Accessibility – Hard+
Height – 100′
Distance – 4.8 miles (out and back)
Beauty – 8
Photo rating – 5
Solitude – 10
GPS Info: LAT 35.89515 LONG -81.92400
First Visit: 10-06-2019
Most recent visit: 02-23-2020
First Visit: 09-07-2019
NOTE: While this isn’t the most difficult hike I’ve done it is in the conversation. This is an off-trail hike that I would rate as one of the most exhausting because of the climb out and the terrain. The waterfall is amazing but it needs good water flow to look its best. The first time I was here it was little more than a trickle and not worth the effort required to reach it.
Laurel Leap Falls is a 100 foot high waterfall on Laurel Branch below Kissler Memorial Highway. There is no trail to speak of to reach the base of the falls and no matter the route you take, the hike out will be long and tiring. The elevation drop from where I parked to the base of the falls was 1400 feet over about 2.4 miles. On the way out you will be feeling it. Since there is no trail to this one, people come at it from different starting points and the route I am describing is by no means the definitive route. I gleaned this route from studying a topo map. If you use this route and don’t like it, feel free to make up your own route in the future.
Trailhead Directions: The trailhed I used is on old NC105 (Kissler Memorial Highway) at an arbitrary point near an old logging grade that descends from the southbound side of the road. From the intersection of US221 and NC183, take NC183 South for 0.75 of a mile to where NC183 veers left and old NC105 continues straight. Get onto old NC105 and follow it for 3.2 miles. The road is hilly and steep, rough and curvy. If you have a low clearance vehicle this road could present a problem. The coordinates of where I parked are 35.91225 -81.91775.
The Hike: An old road angles off of NC105 and heads downhill on an easily followed grade to a gate. It turns to the left and enters an open area and a campsite. Stay with the worn road through the open area where it reenters the woods. The hike will be more uphill than down at first but not noticeably so. The road is easily discerned at first but it is overgrown and there is some downfall to negotiate. Half a mile from the trailhead the road will be barely discernible.
At this point you want to leave the road anyway since it doubles back to the top of the knoll. The point where i left the road was 35.90893 -81.92020. There is no right or wrong place only what route has the least amount of stuff in the way. There is nothing to follow at this point so I made a straight line for 0.2 of a mile to this point 35.90751 -81.91653. This is where the downhill starts and I picked up an old trail complete with flagging tape. You may find the orange tape or you may not. The way down is to follow the ridge spine.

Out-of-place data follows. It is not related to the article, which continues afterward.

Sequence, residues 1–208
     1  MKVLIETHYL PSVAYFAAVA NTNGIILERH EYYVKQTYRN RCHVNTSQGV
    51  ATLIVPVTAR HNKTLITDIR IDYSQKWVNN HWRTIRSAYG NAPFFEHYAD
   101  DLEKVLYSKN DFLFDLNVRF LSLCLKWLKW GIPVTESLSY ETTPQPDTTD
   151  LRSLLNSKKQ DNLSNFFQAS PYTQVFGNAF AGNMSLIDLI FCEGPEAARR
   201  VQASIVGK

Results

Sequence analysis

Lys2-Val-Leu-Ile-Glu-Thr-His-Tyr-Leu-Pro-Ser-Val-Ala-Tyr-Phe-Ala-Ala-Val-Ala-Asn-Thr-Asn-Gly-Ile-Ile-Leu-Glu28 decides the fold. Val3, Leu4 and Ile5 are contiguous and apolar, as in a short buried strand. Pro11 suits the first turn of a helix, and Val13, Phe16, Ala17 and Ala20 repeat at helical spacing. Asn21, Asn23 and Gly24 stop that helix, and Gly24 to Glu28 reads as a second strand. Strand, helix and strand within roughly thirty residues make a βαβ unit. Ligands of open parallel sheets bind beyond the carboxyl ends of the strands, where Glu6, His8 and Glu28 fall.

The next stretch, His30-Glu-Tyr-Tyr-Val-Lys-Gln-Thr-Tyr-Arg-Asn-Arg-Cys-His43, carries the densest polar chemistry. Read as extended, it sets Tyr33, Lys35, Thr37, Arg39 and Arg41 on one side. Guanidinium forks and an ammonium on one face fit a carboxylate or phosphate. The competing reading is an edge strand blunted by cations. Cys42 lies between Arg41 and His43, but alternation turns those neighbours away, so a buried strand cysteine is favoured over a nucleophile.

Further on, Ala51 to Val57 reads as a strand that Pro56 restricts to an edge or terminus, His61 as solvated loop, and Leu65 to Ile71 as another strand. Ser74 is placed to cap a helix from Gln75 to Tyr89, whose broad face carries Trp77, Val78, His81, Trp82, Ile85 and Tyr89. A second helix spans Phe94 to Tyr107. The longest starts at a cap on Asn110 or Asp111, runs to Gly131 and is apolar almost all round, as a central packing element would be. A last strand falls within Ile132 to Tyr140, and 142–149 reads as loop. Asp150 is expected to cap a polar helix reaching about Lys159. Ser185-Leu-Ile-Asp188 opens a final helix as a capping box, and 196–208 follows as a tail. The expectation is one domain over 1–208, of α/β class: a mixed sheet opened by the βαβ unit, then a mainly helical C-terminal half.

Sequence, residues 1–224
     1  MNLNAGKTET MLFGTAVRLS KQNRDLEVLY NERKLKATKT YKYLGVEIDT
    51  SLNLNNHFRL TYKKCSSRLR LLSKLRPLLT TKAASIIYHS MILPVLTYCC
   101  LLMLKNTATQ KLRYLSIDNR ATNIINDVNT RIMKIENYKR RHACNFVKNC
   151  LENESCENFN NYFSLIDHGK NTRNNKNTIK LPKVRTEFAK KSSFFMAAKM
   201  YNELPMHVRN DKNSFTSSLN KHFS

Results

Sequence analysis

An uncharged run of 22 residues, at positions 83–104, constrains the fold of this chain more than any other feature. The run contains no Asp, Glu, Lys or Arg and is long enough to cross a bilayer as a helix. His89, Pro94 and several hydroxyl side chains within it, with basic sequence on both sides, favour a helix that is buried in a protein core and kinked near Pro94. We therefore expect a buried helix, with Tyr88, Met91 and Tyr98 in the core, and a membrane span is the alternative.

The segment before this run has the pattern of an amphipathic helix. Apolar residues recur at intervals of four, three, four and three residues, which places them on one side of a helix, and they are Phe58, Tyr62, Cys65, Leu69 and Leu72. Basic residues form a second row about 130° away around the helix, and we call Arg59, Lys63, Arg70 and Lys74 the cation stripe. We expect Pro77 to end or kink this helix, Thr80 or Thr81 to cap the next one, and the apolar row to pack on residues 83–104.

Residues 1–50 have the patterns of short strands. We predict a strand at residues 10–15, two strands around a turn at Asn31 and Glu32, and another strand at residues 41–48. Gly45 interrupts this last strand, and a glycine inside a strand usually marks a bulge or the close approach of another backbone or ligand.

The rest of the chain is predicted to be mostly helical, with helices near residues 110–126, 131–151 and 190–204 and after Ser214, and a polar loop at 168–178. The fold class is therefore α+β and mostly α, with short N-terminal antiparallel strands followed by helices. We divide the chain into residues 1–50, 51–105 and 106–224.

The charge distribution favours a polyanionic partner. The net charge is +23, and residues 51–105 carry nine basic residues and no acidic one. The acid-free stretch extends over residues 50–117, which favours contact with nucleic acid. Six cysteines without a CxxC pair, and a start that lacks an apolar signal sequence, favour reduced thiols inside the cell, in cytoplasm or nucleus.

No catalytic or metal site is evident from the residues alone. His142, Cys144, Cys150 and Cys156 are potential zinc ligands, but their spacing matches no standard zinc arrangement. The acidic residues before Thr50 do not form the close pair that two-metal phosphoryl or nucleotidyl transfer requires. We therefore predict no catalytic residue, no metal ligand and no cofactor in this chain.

The woods are mostly open and easy to hike through. The exact line you take doesn’t matter as long as you stay on the center of the ridge. The woods tend to be more open to the left than the right but the further left you go, the further from the falls you get. At the same time, you do not want to get too far to the right, especially when you near the falls, There is a 100 foot high cliff near the falls that prevents access from this side near the drop. It is important you know how to read the land or you are going to get way off track or fall off a cliff.
At 1.3 miles from the point where I began down the hill I reached the property line, which is well marked and had been recently cleared and flagged. I hot the property line at 35.89517 -81.92586 but you may reach this divide at a different point. The key here is to follow the property line as closely as possible to get down below the falls. It will be steep and rocky in places and the terrain will continually force you downstream to get around cliff areas. It was probably the hardest part of the hike in.
From where I hit the property boundary to when I reached the old road below the falls was slightly less than a third of a mile and it dropped off about 300 feet. The old road heads up and downstream with the former leading to the falls and the latter leading into someone’s backyard. Head upstream for less than 0.3 of a mile to the base of the falls. When you get close you can either follow the creek to the base on river left or work up toward the cliff on river right. On my first visit I stayed with the creek but on my recent trip I ventured up toward the cliff.